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PA Court Disregards Constitutional Obligation to Future Generations

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PA Court Disregards Constitutional Obligation to Future Generations

The Commonwealth Court of Pennsylvania dismissed the constitutional climate change lawsuit Tuesday brought by seven young plaintiffs. The court found that the plaintiffs had standing to bring their case because climate change was a substantial, direct and immediate threat to them. However, the court declined to follow Pennsylvania Supreme Court precedent that determined that Pennsylvania's constitutional Environmental Rights Amendment imposes an affirmative duty on the Commonwealth to "conserve and maintain" Pennsylvania's public natural resources for both present and future generations.

Attorney Kenneth Kristl with two of the seven youth plaintiffs, Kaia Elinich (left) and Ashley Funk (right). Our Children's Trust

The plaintiffs brought the lawsuit against Gov. Tom Wolf and six state agencies, including the Department of Environmental Protection and the Pennsylvania Environmental Quality Board. This case is one of several similar state, federal and global cases, all supported by the nonprofit Our Children's Trust and all seeking the legal right to a healthy atmosphere and stable climate.

In this case, the youth are seeking to protect their constitutional rights to clean air, pure water and other essential natural resources that their lives depend upon, but that are currently threatened by climate change. Their complaint states that government defendants are failing to fulfill their constitutional obligations by failing to adequately regulate CO2 emissions.

The suit was filed by the Environmental & Natural Resources Law Clinic, at Widener University Delaware Law School, with Associate Professor of Law and Clinic Director Kenneth Kristl as lead counsel.

"We are disappointed with the court's decision," Kristl said. "We believe the Commonwealth Court failed to consider and apply correctly the Pennsylvania Supreme Court's Robinson Township decision and the new contours for Article I, Section 27 that it carved out. We are optimistic that the Supreme Court's consideration of this matter on appeal will lead to a different result."

Ashley Funk, one of the seven plaintiffs, was recently featured on Heat of The Moment, WBEZ Chicago's long-term project about climate change. Listen to her share her story about growing up in coal country here.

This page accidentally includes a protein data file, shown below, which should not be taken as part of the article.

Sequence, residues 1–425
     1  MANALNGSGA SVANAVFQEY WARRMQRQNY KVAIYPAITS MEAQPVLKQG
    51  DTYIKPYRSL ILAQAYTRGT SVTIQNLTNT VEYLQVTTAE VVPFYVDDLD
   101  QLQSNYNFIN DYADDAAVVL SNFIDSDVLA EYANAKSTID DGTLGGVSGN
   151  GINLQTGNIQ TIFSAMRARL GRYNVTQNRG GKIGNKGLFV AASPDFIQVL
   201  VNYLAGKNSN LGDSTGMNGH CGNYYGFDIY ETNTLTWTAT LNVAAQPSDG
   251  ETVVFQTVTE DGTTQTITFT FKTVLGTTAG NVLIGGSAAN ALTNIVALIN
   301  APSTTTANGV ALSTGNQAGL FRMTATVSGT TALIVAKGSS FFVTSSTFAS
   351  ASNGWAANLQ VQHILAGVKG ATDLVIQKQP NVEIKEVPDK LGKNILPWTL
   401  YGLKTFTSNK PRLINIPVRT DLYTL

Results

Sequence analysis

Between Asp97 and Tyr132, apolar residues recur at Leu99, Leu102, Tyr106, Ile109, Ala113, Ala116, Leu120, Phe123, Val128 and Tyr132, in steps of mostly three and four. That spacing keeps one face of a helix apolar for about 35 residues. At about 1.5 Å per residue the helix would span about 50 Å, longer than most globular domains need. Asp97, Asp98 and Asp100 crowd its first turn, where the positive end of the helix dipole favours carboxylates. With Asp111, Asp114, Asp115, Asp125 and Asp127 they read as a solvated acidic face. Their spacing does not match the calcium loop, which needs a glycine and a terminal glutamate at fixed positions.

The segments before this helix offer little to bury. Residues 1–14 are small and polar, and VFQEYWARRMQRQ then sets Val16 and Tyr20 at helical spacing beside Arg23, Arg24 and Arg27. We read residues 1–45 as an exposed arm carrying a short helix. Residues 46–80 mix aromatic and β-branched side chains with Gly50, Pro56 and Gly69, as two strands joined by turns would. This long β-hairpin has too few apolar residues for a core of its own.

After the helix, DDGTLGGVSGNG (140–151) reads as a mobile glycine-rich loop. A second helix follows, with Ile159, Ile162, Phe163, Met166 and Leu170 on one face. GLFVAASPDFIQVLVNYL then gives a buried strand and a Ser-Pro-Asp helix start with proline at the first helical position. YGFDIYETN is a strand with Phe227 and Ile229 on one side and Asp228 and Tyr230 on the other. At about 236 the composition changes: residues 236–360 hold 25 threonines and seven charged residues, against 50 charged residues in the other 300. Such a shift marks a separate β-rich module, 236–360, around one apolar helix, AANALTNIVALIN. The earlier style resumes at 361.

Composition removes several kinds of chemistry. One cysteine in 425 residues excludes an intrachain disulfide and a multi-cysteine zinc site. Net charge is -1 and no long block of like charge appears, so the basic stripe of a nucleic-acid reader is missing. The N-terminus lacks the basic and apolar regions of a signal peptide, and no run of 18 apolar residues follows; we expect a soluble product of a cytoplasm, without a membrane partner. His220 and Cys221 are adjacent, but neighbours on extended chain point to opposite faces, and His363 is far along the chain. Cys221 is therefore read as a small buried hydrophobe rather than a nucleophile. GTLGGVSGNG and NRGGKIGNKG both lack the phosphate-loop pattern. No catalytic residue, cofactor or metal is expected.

"After arguing our position on June 6th, my fellow plaintiffs and I really believed that the court would rule in favor of our lawsuit—and our generation—by allowing our case to proceed," Funk said.

"With recent victories in Juliana, et al. v. United States of America, et al. and a similar lawsuit in the state of Washington, we had hope that Pennsylvania would follow suit. I am disappointed in the court's decision to uphold the preliminary objections. But I know that our case is grounded in our rights to a livable climate and so we will continue pushing this case until Pennsylvania takes adequate and measurable action to address climate change."

A plume of smoke from wildfires burning in the Angeles National Forest is seen from downtown Los Angeles on Aug. 29, 2009 in Los Angeles, California. Kevork Djansezian / Getty Images

California is bracing for rare January wildfires this week amid damaging Santa Ana winds coupled with unusually hot and dry winter weather.

High winds, gusting up to 80- to 90 miles per hour in some parts of the state, are expected to last through Wednesday evening. Nearly the entire state has been in a drought for months, according to the U.S. Drought Monitor, which, alongside summerlike temperatures, has left vegetation dry and flammable.

Utilities Southern California Edison and PG&E, which serves the central and northern portions of the state, warned it may preemptively shut off power to hundreds of thousands of customers to reduce the risk of electrical fires sparked by trees and branches falling on live power lines. The rare January fire conditions come on the heels of the worst wildfire season ever recorded in California, as climate change exacerbates the factors causing fires to be more frequent and severe.

California is also experiencing the most severe surge of COVID-19 cases since the beginning of the pandemic, with hospitals and ICUs over capacity and a stay-at-home order in place. Wildfire smoke can increase the risk of adverse health effects due to COVID, and evacuations forcing people to crowd into shelters could further spread the virus.

As reported by AccuWeather:

In the atmosphere, air flows from high to low pressure. The setup into Wednesday is like having two giant atmospheric fans working as a team with one pulling and the other pushing the air in the same direction.
Normally, mountains to the north and east of Los Angeles would protect the downtown which sits in a basin. However, with the assistance of the offshore storm, there will be areas of gusty winds even in the L.A. Basin. The winds may get strong enough in parts of the basin to break tree limbs and lead to sporadic power outages and sparks that could ignite fires.
"Typically, Santa Ana winds stay out of downtown Los Angeles and the L.A. Basin, but this time, conditions may set up just right to bring 30- to 40-mph wind gusts even in those typically calm condition areas," said AccuWeather Senior Meteorologist Mike Doll.

For a deeper dive:

AP, LA Times, San Francisco Chronicle, Washington Post, Weather Channel, AccuWeather, New York Times, Slideshow: New York Times; Climate Signals Background: Wildfires, 2020 Western wildfire season

For more climate change and clean energy news, you can follow Climate Nexus on Twitter and Facebook, sign up for daily Hot News, and visit their news site, Nexus Media News.

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